Investing in a startup does not make you an entrepreneur any more than buying a grand piano makes you a concert pianist. – Jeffrey Fry, author and successful entrepreneur
The Dow Jones Industrial Average shattered the 22,000 barrier last week and closed at a record high, gaining more than 1% and marking its 8th straight record close. The performance of both the S&P 500 Index and the Nasdaq Composite Index was more subdued and probably more representative of the market’s action recently. While it is easy to get caught up in the Dow’s record-setting march and eclipsing yet another milestone, one must keep in mind that this benchmark consists only of 30 blue chip stocks that are weighted by their price. In other words, stocks that command a high price have a disproportionate effect on the average than those with much lower prices. Last week it was shares of 3M (MMM-$208) and Apple (AAPL-$156) that propelled the Dow and the week before it was Boeing (BA-$238) that was responsible for much of the Dow’s advance. Apple reported quarterly revenue and earnings last week that topped expectations as the company sold more iPhones than expected and also raised its revenue target for the fiscal fourth quarter. A far better barometer of the market is the S&P 500 Index, which consists of 500 stocks chosen for market size, liquidity and industry representation. It is a market-value weighted index in which the weight of each stock is proportionate to its market value. But despite the fact that the S&P 500 has posted a year-to-date total return of 11.90%, the index has barely budged in over two weeks and remains in a very tight trading range. That is not to say that second quarter earnings have not been good. Through the end of July, nearly 75% of S&P 500 companies that have reported earnings have exceeded analysts’ estimates on both the top and bottom lines. Ordinarily, such strong earnings would send the market higher, but with stock valuations already at lofty levels, there appears to be a lack of buyers willing to purchase stocks trading at or near all-time highs.
The July employment report released by the government last week showed that 209,000 jobs were created, much better than expected, and that the unemployment rate fell to 4.3% from 4.4%, matching the lowest rate in 16 years. The only negative in the report was continued modest wage gains. The ADP private sector payrolls report also was strong as 178,000 new jobs were created and the month of June was revised sharply higher. Other economic data last week was disappointing. Construction spending in June fell more than expected as government construction projects plunged by the largest amount in 15 years. However, most economists believe that this slowdown will be short-lived. Consumer spending also edged up only slightly and the core personal consumption expenditures (PCE) index, the Fed’s preferred inflation measure, rose just 0.1%, making the increase in the last 12 months through June only 1.5%.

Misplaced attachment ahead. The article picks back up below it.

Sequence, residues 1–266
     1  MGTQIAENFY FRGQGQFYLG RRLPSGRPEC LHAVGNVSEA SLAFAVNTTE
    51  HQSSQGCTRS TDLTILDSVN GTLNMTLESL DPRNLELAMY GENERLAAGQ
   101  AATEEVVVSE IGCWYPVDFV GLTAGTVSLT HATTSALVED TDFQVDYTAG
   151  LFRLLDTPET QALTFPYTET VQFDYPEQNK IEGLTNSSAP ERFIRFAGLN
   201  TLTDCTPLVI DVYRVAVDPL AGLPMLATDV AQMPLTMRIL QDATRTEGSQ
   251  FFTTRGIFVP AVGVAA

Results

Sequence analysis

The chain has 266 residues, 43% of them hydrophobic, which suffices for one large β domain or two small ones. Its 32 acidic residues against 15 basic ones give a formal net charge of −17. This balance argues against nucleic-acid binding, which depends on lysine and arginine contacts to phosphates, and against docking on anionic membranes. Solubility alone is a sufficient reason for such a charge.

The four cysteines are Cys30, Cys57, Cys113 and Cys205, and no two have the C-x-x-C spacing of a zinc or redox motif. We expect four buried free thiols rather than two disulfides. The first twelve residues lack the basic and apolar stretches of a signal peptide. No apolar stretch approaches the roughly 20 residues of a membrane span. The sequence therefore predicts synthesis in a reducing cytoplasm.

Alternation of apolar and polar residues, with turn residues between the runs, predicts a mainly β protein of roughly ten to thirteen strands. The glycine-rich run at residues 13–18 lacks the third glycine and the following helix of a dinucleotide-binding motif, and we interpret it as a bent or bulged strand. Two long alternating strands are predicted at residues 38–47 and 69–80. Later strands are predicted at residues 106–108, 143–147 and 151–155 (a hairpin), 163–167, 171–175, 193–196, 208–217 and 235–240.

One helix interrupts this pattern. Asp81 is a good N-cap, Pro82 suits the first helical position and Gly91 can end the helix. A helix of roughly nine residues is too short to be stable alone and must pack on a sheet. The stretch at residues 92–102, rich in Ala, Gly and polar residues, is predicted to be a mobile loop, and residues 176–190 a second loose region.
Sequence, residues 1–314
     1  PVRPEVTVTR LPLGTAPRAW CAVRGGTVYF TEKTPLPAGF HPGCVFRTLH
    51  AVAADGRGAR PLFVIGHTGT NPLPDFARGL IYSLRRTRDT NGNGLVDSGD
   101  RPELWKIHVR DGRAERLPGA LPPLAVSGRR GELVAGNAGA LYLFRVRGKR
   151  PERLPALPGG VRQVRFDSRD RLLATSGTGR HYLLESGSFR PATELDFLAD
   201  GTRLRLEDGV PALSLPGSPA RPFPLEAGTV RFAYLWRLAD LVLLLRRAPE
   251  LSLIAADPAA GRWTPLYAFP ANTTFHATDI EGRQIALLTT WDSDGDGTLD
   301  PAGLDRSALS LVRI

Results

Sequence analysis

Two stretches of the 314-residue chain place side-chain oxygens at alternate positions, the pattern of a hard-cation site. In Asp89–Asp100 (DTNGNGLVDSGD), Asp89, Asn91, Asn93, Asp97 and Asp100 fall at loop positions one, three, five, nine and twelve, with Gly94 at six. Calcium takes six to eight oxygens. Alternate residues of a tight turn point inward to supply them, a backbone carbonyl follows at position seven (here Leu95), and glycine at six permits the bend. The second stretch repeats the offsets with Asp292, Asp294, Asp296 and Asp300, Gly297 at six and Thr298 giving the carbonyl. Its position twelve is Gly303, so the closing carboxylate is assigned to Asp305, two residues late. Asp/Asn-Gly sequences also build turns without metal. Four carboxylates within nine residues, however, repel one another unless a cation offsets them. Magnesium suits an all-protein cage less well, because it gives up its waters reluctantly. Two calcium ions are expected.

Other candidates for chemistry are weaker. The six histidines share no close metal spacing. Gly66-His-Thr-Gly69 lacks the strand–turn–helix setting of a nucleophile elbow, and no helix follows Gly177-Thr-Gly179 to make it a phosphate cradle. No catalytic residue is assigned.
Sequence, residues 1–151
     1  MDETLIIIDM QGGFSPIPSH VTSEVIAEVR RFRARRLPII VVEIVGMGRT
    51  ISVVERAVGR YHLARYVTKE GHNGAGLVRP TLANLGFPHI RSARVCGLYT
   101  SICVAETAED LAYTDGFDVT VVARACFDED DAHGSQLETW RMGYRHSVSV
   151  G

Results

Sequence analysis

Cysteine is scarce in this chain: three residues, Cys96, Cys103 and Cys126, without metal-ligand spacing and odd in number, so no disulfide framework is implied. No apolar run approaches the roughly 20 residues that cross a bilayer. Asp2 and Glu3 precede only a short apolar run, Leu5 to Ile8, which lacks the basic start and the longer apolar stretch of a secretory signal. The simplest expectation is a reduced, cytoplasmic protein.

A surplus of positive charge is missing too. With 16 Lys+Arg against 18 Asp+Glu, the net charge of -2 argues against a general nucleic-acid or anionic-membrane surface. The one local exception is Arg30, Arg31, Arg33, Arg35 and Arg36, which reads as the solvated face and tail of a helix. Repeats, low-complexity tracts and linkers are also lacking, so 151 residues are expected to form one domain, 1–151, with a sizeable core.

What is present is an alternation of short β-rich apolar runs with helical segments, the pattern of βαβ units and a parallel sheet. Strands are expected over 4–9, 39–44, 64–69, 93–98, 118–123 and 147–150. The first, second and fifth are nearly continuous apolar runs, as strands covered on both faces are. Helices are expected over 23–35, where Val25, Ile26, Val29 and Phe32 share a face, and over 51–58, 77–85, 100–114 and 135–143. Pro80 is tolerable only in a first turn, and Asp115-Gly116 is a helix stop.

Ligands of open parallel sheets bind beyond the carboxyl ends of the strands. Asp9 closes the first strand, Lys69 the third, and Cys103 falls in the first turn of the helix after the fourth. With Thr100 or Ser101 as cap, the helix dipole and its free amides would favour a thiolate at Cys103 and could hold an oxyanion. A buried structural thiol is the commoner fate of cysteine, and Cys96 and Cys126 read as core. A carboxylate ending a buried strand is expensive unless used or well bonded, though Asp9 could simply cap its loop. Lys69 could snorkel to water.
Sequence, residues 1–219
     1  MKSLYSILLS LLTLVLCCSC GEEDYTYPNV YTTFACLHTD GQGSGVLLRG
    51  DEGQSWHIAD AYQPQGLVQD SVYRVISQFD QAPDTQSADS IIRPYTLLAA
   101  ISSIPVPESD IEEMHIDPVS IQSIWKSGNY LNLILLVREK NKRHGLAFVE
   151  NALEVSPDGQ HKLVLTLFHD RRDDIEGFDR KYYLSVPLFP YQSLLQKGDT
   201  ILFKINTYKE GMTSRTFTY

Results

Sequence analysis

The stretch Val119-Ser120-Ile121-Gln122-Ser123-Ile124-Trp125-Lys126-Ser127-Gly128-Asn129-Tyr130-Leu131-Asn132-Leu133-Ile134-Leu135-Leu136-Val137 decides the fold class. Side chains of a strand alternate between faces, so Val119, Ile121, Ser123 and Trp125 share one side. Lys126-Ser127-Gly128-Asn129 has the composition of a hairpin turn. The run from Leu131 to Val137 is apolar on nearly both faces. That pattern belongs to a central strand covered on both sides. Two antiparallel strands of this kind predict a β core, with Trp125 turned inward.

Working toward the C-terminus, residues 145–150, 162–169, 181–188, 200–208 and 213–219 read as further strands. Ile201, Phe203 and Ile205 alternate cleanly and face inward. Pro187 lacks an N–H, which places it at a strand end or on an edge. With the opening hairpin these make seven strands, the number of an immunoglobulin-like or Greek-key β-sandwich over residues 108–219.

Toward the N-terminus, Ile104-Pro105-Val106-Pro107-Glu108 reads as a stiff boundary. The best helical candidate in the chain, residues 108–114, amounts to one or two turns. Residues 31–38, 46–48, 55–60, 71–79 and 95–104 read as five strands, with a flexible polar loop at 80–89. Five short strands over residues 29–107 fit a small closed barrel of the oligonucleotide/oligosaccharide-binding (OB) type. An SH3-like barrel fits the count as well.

For the week, the Dow Jones Industrial Average gained 1.2% to close at 22,092 while the S&P 500 Index edged up 0.2% to close at 2,476. The Nasdaq Composite Index dropped 0.4% to close at 6,351.
It will be a quiet week for economic reports and data on inflation will be the primary focus. Both the producer price index (PPI) and the consumer price index (CPI) for July are expected to increase modestly, providing further evidence that inflation remains under control. China also issues its monthly report on producer and consumer prices. The Organization of Petroleum Exporting Countries (OPEC) meets to crack down on those member countries that are not complying with agreed upon oil output cuts.
As the second quarter earnings season winds down, the most prominent companies on the agenda this week include Walt Disney, CBS, Marriott International, CVS Health, International Flavors & Fragrances and retailers Nordstrom, Macy’s, Kohl’s and JP Penney.
The dog days of summer have set in and it appears that they have affected trading in the S&P 500 Index. This widely-followed benchmark is approaching its 75th consecutive trading session without a gain of 1 percent or more, something that has not happened since early 2007. The last time that the S&P 500 posted a gain in excess of 1% was way back on April 24th. Many investment strategists have become concerned with the low volatility in the market and compare it to the calm before the storm. The volatility index or VIX remains near all-time lows as investors seem complacent and unconcerned about the quietness of the market and its lack of meaningful ups and downs. This market action is definitely not normal and should give portfolio managers something to think about, especially as we move into the seasonally treacherous months of August, September and October. In all likelihood, volatility will return to the market and it is a question of when it returns and not if it returns. In the late 1990s, it was thought that we were in a new economy and that technology and Internet stocks would go up forever. In 2006, investors held the same view of real estate and home values only to see the bottom fall out in 2007 and 2008. As John Templeton once said, “the four most dangerous words in investing are this time it’s different.”